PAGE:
Milner Connerton Gray was born in London on 8th October 1899. He attended Goldsmiths' College but his studies were interrupted when he was called up to the 19th London regiment in 1917. Gray’s record of poor health meant that instead of a posting to France he was, instead, sent to the Royal Engineers’ School of Camouflage. He returned to Goldsmiths’ for two years after the war ended and then went on to establish the Bassett-Gray Group of Artists and Writers, reorganized in 1935 as the Industrial Design Partnership.
A man of vision Gray saw the need to raise the designer’s status to that of a recognized profession. Instrumental in the establishment of the Society of Industrial Artists (SIA) in 1930 Gray served as their Honorary Secretary from 1932 to 1940. He was the only member to be twice elected President (1943-49 and 1966-67), after which he was appointed President of Honour. Gray was a leading member, chairman or president of almost every national and international body for graphic design and industrial design, including the Alliance Graphique International (AGI), the Art Workers Guild, and the National Advisory Council on Art Education.
Always interested in education he taught, between the wars, at Goldsmiths’ College, the Chelsea College of Art and the Reimann School of Art, acted as principal of the Sir John Cass School of Art and Design from 1937 to 1940, and was on the visiting staff of the Royal College of Arts (RCA) from 1939 to 1940. The RCA awarded Gray an Honorary Doctorate in 1979. He also sat on the government review body on art education and acted as governor to the Central School of Art.
During the Second World War he was appointed Head of Exhibitions for the Ministry of Information and worked with several RDIs, including Misha Black. Gray, with Black and Kenneth Bayes, established the Design Research Unit (DRU) – the first multi-disciplinary design office in Britain – which provided a co-ordinated visual style for companies. Their clients included the Rolex Watch Company, ICI, Unilever and British Rail and he was responsible for co-ordinating the design of the public areas in the P&O liner Oriana.
DRU also attracted commissions for exhibitions such as Britain Can Make It, 1946, for which Gray was DRU's chief designer. He had previous experience as his work had featured in the 1935 British Art in Industry exhibition organized by the Royal Society of Arts (RSA) and the Royal Academy (RA), as well as the 1938 Modern Architectural Research (MARS) Group show of modern architecture and he had been involved in the design of the British Pavilion at the 1939 New York World’s Fair. Gray was the chief inspirer of the RSA’s 1948 Design at Work exhibition showcasing the work of the Royal Designers for Industry. As well as exhibiting Gray contributed a paper on ‘The Industrial Designer and Consumer Goods’ to the series published by the RSA Journal, as a result of the exhibition. At the conference organised by the RSA in 1947 to discuss the proposal for an exhibition to be held in 1951 Gray, representing the Society of Industrial Artists, urged the organisers to concentrate on the quality of exhibits that should be imaginatively displayed. He thought that the site was well chosen for the purpose. ‘It is well timed’, he added, ‘two years hence British industry is likely to stand in some need of advertisement’. For the Festival of Britain itself Gray, with Robin Day RDI, was jointly responsible for the South Bank signposting and, with RDIs Reco Capey, Enid Marx and Keith Murray, he selected the furniture, furnishing and equipment for the Festival’s Royal Pavilion.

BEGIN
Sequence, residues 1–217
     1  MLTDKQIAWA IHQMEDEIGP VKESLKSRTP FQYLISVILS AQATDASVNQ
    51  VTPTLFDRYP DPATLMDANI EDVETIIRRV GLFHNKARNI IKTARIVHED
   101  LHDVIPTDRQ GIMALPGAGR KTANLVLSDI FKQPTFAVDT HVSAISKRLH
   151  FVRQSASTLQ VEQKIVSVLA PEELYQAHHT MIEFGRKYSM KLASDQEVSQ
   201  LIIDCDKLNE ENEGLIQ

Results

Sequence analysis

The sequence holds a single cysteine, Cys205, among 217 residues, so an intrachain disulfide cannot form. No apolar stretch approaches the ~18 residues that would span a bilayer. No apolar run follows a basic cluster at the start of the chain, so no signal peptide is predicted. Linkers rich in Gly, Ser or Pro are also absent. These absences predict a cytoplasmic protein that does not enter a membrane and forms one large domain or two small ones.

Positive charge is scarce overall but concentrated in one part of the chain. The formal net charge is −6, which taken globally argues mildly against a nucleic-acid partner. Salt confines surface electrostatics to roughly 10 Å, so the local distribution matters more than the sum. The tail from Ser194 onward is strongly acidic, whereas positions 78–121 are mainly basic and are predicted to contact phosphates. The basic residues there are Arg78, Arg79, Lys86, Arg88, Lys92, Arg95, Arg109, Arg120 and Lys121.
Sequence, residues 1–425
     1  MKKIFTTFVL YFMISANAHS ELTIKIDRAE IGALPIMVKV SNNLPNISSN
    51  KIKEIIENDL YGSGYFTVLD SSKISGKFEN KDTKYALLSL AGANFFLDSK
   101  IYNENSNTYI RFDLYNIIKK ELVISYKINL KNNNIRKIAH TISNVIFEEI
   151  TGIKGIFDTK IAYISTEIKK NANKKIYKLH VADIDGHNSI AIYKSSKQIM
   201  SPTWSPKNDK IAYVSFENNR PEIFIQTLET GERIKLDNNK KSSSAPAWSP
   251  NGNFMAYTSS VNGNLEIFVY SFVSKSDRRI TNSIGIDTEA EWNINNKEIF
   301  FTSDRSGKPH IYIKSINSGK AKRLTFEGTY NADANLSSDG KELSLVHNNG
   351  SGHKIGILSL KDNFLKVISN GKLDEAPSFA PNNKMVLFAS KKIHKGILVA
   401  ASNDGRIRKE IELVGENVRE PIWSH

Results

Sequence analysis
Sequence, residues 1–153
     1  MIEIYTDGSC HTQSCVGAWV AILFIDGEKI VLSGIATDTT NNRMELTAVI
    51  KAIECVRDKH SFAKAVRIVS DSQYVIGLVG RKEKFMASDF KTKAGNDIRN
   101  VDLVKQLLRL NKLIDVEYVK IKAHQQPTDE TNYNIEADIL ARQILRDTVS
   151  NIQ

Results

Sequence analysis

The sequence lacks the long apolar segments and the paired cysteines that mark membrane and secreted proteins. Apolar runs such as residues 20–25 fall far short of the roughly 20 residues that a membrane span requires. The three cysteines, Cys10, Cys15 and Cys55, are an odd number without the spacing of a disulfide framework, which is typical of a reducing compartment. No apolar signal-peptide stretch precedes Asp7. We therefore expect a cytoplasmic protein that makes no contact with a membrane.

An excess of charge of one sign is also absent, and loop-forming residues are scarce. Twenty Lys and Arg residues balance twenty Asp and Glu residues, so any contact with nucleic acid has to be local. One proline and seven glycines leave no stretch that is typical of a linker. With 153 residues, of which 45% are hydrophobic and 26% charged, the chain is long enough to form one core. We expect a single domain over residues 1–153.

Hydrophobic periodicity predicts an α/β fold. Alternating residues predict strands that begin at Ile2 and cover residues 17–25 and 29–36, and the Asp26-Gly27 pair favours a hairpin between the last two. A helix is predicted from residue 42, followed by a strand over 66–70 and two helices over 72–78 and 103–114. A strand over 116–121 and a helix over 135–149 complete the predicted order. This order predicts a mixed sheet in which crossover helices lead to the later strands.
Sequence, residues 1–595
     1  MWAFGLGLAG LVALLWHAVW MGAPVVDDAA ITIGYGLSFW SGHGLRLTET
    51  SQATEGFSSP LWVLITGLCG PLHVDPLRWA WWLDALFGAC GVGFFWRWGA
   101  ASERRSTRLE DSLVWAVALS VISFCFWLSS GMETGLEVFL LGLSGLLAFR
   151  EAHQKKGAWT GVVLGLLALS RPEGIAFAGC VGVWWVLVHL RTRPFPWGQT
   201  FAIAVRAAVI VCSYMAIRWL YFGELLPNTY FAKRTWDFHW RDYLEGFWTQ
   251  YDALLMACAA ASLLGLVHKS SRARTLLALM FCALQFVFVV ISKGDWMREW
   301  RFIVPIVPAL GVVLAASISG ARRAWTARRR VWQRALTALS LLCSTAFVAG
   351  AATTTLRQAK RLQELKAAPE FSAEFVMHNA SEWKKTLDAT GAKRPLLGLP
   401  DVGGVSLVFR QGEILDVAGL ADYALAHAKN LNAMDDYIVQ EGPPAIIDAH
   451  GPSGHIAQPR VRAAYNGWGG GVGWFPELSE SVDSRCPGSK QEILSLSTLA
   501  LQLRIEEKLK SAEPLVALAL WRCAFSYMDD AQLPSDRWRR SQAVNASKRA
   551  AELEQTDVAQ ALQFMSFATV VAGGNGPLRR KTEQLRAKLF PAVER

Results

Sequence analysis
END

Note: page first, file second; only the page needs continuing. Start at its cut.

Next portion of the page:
Gray’s designs included murals and decorative features for Kardomah Cafes (1936-40) and his design for Pyrex oven to tableware received one of the first Design Centre Awards in 1957. For the Queen’s coronation Gray designed the Royal arms, crown and ciphers for the decorations and souvenirs. He was also responsible for the armorial bearings for the Post Office (1970), a badge for the Balmoral Estate Ranger Service (1972) and the official emblem for the Queen’s Silver Jubilee in 1977.
Appointed a Royal Designer for Industry (RDI) in 1937 and Master of the Faculty 1955-57, Gray took an active interest in the work of the RSA. He served on their Council and their Industrial Design Bursaries Board. As well as giving talks on ‘The history and development of packaging’ (1939), ‘The Industrial Designer and Consumer Goods’ (1949) and ‘Packaging Progress’ (1959), Gray chaired several meetings, including a presentation by Hulme Chadwick RDI on ‘Colour in the Community’ (1963) – he wrote the RSA Journal obituary for Chadwick in 1977. He judged the RSA’s ‘Youth Looks at Britain’ poster competition (1947) and acted as the RSA representative on the Central Organising Committee for the United Nations Poster Competition. With Barnett Freedman RDI he judged the entries for the 1950 Percy Smith Memorial competition for lettering and calligraphy. Gray joined other RDIs on visits to Scotland (1947) and Sweden (1948). He designed a tea service and silver sweet dishes for the Faculty’s first evening reception, attended by HRH Princess Elizabeth, in 1950 and attended the dinner held in honour of Alvar Aalto HonRDI during his visit to London in 1957. Gray, with Hugh Casson RDI, was on the organizing committee for the RSA’s 1956 and 1958 conferences on ‘Perils and Prospects in Town and Country’ and, in 1963, the RSA adopted Gray’s design for a new cover and layout for their Journal.
Gray published numerous articles on various aspects of designs and his books include Package Design (1955) and Lettering for Architects and Designers (1962). In public recognition of his achievements Gray was appointed a CBE in 1963.
A modest man with an infectious and endearing sense of humour, Milner Gray died on 29th September 1997 at the age of 97.
Original image reference: GB-1837-DES-DCA-30-1-POR-G-44-1. Milner Gray on the right, photographed with Brian O’Rork.